I’m currently reading User Story Mapping by Jeff Patton. In a sidebar, he includes this gem:
I find that when I’m doing my best to listen to others, what they’re saying causes me to think of other ideas. I used to try to hold those ideas in my head and wait for a moment to inject them into the conversation, resorting to outright interruption if the time didn’t come soon enough. But then I realized I’d stopped listening to the person who was talking, as my limited brainpower was focused on recalling my great idea.
This totally describes me. I either have an idea that I have to share as soon as I can, or my brain goes off on a rabbit trail and I miss the next several minutes of the discussion. Or, when I should be listening to understand, I’m instead listening for ammunition to use in the next round of the debate. None of these things are good.
I have a very single-track brain so I find any kind of multi-tasking quite difficult. This includes listening to understand what others are saying while also trying to think of what I want to say.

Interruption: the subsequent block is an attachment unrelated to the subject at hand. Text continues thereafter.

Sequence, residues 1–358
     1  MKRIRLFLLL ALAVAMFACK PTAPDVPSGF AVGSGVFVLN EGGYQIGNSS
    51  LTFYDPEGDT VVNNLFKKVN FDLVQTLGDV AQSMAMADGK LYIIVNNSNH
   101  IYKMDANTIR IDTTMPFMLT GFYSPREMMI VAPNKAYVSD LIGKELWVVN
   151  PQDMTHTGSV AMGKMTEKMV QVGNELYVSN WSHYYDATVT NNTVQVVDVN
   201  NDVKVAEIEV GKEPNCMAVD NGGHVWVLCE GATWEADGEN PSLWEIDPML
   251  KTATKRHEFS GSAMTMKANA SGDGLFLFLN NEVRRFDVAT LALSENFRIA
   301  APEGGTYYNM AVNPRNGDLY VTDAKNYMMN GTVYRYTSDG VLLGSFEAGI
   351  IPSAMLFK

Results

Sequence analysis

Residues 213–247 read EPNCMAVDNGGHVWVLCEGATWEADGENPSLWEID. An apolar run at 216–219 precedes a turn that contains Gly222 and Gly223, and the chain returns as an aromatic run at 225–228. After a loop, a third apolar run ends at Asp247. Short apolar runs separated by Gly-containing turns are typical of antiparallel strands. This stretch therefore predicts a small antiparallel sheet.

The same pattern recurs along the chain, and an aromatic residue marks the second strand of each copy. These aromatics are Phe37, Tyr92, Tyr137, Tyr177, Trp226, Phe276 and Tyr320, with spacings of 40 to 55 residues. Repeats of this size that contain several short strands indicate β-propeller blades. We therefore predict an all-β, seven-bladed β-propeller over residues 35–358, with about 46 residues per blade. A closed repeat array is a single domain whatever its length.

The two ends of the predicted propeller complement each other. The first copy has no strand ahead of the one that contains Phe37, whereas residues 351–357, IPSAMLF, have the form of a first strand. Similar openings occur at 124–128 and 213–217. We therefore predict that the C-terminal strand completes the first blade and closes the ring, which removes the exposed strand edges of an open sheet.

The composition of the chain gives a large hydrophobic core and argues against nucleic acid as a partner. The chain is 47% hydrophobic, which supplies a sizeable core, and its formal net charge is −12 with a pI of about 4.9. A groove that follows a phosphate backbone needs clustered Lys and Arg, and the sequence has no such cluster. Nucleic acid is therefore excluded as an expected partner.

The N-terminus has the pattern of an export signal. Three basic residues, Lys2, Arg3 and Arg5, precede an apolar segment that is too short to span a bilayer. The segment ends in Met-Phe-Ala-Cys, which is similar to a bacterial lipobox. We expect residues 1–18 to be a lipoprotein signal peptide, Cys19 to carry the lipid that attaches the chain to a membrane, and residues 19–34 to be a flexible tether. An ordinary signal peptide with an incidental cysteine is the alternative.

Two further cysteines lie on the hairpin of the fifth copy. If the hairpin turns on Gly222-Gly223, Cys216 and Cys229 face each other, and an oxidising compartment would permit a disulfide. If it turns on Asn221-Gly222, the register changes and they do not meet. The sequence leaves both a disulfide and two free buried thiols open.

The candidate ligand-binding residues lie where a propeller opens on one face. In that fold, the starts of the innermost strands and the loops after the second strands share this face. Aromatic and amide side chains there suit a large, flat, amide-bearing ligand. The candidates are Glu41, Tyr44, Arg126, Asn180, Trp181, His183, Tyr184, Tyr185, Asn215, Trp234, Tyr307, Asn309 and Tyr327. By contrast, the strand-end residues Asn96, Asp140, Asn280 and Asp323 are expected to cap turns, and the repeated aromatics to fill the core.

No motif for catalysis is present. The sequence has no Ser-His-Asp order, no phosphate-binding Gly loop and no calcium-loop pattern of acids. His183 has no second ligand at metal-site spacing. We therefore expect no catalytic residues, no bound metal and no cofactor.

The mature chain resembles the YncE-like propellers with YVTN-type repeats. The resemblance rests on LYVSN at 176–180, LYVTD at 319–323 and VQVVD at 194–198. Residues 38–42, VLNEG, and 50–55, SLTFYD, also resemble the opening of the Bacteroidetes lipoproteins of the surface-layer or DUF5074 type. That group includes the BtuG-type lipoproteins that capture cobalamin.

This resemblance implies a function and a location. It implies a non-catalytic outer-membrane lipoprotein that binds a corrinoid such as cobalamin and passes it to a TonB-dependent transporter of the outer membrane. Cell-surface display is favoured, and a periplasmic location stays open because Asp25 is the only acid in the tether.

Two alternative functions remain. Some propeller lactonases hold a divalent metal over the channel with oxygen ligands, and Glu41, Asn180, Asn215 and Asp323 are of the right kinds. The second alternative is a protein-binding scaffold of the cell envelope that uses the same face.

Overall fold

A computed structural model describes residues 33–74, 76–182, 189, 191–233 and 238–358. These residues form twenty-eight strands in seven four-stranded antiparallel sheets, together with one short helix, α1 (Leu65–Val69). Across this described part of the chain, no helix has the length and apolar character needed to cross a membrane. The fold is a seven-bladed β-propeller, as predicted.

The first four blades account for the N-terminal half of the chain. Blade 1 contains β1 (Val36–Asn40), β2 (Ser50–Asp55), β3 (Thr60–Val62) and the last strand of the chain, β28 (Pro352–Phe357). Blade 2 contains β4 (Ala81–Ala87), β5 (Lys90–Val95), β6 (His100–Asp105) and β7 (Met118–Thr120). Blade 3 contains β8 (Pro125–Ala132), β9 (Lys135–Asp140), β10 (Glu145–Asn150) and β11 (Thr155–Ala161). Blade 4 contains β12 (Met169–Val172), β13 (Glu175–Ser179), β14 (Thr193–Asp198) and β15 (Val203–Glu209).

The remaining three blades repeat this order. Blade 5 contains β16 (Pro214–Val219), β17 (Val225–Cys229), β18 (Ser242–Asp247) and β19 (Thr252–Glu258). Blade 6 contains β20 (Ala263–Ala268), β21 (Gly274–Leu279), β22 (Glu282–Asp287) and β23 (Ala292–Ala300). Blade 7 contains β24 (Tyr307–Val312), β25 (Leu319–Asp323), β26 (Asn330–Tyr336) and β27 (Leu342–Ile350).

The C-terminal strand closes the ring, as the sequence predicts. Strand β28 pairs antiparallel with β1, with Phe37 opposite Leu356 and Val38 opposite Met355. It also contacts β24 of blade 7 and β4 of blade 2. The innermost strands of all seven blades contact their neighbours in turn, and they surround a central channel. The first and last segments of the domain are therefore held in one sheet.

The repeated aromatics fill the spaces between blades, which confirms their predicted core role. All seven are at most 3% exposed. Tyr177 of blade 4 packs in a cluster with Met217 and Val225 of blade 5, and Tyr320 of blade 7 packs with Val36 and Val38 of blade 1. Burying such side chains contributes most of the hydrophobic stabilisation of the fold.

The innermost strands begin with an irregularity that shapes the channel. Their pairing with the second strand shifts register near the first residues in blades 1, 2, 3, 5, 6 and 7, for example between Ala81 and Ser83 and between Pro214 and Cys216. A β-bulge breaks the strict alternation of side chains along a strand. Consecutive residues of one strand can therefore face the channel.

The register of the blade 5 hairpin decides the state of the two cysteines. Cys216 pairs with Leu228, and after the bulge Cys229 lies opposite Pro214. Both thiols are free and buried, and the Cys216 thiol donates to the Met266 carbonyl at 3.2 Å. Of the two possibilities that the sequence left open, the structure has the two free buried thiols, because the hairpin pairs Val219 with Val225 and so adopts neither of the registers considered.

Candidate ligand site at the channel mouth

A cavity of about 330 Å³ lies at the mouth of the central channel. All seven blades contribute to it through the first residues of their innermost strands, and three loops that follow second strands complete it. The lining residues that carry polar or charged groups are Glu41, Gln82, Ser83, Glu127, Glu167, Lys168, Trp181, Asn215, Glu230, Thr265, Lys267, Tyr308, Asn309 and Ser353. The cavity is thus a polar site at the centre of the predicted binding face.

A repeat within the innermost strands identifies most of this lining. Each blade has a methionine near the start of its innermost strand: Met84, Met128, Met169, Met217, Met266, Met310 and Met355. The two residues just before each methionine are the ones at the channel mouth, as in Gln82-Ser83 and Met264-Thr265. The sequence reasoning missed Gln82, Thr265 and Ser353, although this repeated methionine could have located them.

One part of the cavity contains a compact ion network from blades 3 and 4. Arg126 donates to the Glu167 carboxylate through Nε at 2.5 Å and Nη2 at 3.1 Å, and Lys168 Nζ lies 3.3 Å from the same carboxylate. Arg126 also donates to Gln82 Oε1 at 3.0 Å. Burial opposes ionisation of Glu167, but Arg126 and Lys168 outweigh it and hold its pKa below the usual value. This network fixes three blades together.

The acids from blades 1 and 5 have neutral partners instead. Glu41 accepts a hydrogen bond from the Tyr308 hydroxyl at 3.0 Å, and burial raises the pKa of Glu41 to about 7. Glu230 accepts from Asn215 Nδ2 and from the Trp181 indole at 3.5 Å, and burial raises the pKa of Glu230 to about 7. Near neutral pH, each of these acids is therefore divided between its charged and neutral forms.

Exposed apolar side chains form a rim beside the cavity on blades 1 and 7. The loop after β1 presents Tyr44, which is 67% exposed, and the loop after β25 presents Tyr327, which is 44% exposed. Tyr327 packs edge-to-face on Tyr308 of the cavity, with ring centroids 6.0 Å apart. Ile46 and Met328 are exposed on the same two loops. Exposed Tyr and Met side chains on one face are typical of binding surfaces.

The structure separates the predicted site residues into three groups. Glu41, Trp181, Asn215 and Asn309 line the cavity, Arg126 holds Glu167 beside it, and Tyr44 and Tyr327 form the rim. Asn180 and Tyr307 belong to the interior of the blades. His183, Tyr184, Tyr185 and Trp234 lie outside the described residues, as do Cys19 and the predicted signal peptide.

Fortunately, Jeff also comes up with a solution:
Today, I simply scribble the idea on a sticky note and set it aside to wait for a better point in the conversation to inject it. Somehow writing it pops it out of my head so I can focus on what I’m hearing. And reading it from the sticky later helps me recall my idea and explain it.
This reminds me a lot of David Allen’s Getting Things Done approach, where one of the central ideas is to get things out of your head and into a “trusted system” so that you keep more of your mental bandwidth available for what you’re working on.
I’ve been starting to try Jeff’s approach during meetings at work. I still miss a little bit of the discussion while I’m writing down my idea, but it’s a lot less than if I was trying to keep the idea in my head while others are speaking. I expect I’ll improve at this over time, and I’ll also start to use it in more one-on-one discussions as well.
If you’re like me and have trouble really listening well to others, try Jeff’s trick and see how it works for you.